Nate struggles with interpersonal communication with both adults and his peers. Because he can’t communicate, Nate gets upset when he wants or needs something, and often hits his head on the floor or the wall in frustration. Only within the past month has he begun to ask for help by bringing something to an adult, which has cut down on his self injurious behavior considerably. With kids his own age, Nate is learning to allow them into his space. Previously, he either shoved kids when they got too close or became passive, moving to his own secluded area.
Because of this, Nate loses a lot of battles. Kids at school see a toy Nate is playing with and take it from him. My son doesn’t put up a fight or even bat an eye. Rather than interact with another person, he moves on to something else that no one wants. Until this week.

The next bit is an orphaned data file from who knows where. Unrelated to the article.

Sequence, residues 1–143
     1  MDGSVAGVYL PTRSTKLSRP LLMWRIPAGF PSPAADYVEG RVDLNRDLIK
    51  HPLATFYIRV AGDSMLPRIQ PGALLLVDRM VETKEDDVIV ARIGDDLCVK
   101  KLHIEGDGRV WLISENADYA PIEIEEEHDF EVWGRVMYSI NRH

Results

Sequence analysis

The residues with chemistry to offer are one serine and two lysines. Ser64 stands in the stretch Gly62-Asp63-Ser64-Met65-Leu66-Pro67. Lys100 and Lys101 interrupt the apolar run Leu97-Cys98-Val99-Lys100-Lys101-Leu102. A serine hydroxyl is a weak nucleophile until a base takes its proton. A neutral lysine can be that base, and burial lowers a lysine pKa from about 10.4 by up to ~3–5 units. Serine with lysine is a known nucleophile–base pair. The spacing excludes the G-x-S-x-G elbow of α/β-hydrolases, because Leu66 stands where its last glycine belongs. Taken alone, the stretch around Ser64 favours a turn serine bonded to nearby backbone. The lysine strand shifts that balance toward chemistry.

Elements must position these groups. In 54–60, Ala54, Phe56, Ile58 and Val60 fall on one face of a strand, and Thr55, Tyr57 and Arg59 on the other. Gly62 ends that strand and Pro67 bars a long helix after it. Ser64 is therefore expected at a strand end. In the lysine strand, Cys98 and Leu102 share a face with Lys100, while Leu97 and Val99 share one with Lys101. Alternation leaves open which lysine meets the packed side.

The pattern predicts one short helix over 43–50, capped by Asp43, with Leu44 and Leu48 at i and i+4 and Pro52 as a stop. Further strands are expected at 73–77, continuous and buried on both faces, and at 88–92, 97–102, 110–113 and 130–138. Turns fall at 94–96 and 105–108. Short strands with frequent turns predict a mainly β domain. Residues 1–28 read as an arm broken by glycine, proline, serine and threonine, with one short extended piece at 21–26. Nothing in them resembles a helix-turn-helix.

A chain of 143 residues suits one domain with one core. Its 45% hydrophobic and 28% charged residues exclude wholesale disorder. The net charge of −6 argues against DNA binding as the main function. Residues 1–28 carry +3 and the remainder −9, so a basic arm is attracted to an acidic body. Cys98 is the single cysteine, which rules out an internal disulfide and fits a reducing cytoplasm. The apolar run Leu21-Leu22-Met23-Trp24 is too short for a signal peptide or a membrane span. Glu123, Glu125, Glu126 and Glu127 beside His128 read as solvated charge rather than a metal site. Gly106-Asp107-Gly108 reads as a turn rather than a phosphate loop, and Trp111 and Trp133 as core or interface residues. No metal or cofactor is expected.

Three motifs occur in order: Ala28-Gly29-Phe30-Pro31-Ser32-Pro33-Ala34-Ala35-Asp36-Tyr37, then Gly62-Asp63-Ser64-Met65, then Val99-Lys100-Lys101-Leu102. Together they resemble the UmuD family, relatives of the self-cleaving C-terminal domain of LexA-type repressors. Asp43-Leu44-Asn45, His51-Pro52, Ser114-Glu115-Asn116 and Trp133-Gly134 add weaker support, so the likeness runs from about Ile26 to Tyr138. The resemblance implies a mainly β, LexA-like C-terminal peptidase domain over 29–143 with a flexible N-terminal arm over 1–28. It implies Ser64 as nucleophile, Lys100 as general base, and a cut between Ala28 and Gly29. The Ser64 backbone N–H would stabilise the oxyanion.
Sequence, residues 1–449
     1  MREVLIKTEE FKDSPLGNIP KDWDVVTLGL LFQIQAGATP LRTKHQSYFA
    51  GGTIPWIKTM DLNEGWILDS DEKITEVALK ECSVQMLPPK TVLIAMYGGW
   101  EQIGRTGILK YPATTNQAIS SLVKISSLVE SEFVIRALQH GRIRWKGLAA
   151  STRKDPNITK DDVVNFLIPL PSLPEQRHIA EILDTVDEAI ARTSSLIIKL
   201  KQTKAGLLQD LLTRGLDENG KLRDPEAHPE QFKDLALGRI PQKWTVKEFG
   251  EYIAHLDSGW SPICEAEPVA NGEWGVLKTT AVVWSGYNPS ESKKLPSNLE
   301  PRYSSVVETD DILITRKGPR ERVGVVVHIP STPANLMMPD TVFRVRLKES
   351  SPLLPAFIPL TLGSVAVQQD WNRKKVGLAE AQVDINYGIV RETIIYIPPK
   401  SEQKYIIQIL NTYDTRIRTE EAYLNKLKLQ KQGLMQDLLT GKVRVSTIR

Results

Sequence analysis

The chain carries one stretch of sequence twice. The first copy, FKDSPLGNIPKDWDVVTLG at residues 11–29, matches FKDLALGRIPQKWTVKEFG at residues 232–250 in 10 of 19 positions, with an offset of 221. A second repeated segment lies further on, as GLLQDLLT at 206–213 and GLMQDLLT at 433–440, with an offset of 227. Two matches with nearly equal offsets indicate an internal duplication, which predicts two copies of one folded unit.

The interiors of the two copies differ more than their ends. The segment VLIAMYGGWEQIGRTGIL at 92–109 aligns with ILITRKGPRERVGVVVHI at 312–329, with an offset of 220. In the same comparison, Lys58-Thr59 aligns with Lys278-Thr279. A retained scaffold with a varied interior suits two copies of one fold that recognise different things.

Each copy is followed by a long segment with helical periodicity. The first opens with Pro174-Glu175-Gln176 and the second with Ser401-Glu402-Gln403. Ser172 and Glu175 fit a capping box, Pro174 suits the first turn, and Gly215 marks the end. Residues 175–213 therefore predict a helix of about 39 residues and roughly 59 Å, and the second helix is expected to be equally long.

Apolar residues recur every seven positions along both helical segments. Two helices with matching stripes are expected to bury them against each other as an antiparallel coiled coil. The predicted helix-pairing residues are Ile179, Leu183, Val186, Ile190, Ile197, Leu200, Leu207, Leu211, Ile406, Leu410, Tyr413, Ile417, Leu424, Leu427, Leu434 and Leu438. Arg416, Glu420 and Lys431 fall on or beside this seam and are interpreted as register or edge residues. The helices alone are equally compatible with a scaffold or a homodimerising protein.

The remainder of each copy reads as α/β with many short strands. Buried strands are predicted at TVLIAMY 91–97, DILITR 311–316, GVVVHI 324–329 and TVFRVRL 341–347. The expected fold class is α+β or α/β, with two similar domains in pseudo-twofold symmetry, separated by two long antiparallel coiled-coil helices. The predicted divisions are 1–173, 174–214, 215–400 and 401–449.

When I pick Nate up from school, it warms my heart how his teachers, particularly Miss Suzanne, rattles off a list of wonderful discoveries Nate made that day. On Tuesday, Miss Suzanne shared that a kid (who shall remain anonymous) tried to take a toy from Nate–and Nate fought back! Normally teachers wouldn’t cheer when a kid picks a fight but, in this instance, it’s perfectly acceptable. And today? Some (still anonymous) kid tried to take Nate’s toy again. This time, Nate let the kid take his toy but then vigorously started signing “MY TURN!!!!,” slapping his hand to his chest while looking at Miss Suzanne for help. (She got the toy back for him.) In both instances, Nate effectively communicated that he a) wanted the toy and b) wanted the toy back. By (Curious) George! I think he’s getting it!
Today? “My turn.” Tomorrow? Nate will be holding court.